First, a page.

5 Banks That Offer the Highest Interest Rates on Tax Saving FDs

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Tax Saving FDs have a fixed term of five years. Tax Saving FDs offer the investor the benefit of a tax deduction (of up to Rs 1.5 lakh in a financial year) under Section 80 of the Income Tax Act 1961.

The minimum investment amount for a tax-saving FD varies from bank to bank. Also, there is no upper limit.

Interest payments from tax-saving FDs

The interest rate offered for such FDs varies from bank to bank. You can choose from cumulative interest or non-cumulative options of tax-saving FDs typically offered by most banks.

Cumulative option means that the interest accrued on your principal is reinvested and paid to you at maturity. On the other hand, with the non-cumulative option, you will be paid interest on a monthly/quarterly/semi-annual/annual basis as offered by the bank. Seniors are typically offered higher interest rates on tax-saving FDs.

The tax-saving fixed-term deposit can be opened jointly, but a tax advantage can only be claimed by the first holder.

taxation

The interest is taxed depending on the tax bracket. TDS is applicable as the interest received is taxable depending on the tax class of the investor. Interest on deposits is paid either monthly or quarterly, or can be reinvested. By filing a Form 15G (or Form 15H for seniors) with the bank, a person can avoid the TDS deduction on the interest earned.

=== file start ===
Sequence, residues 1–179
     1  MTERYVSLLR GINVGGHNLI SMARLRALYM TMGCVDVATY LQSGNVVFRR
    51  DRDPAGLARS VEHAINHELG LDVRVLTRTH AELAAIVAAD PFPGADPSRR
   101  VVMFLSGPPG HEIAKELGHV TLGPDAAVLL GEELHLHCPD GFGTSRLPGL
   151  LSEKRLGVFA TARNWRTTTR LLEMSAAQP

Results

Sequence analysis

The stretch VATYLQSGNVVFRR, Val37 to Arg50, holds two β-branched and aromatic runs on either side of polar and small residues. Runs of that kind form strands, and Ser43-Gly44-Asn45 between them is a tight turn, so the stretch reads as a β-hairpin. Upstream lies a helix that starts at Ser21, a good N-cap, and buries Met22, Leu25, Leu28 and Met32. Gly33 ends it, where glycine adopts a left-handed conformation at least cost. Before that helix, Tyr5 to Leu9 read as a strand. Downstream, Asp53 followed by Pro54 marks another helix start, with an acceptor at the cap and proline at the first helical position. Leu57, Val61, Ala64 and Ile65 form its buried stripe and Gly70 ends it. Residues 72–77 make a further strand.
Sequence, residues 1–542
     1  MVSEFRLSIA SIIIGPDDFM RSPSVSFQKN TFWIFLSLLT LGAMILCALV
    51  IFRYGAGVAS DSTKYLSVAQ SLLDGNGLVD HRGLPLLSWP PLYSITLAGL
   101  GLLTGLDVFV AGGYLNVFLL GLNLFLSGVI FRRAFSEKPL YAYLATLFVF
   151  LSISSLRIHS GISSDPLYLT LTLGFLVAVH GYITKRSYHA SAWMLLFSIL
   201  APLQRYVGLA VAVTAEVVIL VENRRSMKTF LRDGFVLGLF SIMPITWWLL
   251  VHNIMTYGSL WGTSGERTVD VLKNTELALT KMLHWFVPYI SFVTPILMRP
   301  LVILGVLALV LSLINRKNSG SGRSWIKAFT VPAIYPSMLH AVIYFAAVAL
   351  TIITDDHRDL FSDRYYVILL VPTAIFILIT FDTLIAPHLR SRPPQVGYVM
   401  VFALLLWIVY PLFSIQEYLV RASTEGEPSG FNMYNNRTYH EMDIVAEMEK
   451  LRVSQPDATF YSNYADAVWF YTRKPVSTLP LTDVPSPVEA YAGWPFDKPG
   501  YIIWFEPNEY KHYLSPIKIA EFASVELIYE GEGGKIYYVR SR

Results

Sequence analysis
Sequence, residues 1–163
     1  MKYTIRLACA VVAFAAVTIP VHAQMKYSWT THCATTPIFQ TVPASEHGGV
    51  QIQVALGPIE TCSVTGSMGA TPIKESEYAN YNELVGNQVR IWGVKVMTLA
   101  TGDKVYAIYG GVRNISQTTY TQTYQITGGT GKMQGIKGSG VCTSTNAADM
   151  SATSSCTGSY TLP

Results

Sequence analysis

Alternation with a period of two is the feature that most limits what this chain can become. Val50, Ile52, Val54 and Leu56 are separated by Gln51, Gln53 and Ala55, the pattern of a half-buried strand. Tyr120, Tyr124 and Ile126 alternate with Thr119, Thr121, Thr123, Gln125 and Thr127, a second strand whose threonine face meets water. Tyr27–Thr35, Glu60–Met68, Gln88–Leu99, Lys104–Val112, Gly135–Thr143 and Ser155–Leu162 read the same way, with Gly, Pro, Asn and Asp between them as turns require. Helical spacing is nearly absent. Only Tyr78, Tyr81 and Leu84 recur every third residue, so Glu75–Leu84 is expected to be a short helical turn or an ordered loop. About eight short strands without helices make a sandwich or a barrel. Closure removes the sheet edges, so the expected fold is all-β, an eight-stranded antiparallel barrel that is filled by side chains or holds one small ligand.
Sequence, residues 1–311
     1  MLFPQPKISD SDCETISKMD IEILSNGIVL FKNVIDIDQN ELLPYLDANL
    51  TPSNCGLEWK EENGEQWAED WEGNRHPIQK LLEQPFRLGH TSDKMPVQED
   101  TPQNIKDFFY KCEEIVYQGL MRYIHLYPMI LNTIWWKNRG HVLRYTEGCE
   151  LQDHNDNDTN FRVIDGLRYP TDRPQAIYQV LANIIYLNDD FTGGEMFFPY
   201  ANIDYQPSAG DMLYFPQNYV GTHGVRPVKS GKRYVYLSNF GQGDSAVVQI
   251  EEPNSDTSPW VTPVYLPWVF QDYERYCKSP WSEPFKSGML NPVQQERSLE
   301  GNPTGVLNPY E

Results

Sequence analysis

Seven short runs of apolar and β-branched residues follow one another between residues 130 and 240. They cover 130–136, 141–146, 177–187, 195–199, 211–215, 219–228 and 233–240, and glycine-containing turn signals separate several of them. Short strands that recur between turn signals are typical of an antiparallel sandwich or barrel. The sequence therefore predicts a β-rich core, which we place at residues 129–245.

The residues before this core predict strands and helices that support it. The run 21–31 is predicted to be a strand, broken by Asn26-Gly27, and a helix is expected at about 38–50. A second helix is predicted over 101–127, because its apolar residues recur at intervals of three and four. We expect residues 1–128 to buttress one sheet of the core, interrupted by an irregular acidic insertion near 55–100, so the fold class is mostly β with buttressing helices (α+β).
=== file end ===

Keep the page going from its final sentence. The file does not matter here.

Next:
Early Withdrawal

Early withdrawal or partial withdrawal before the end of the blocking period of five years is not permitted.

However, in the event of the depositor’s death before the term deposit was due, the penalty would not be assessed and the nominee or legal heir would be entitled under the rules to make an early payment even before the lock-up period.

According to that

Website: “If a holder of a fixed deposit dies and no nomination is in effect at the time of his death, the holders of the branch from which the fixed deposit was issued shall pay to his legal heirs the amount due to the deceased as under the Rules.”

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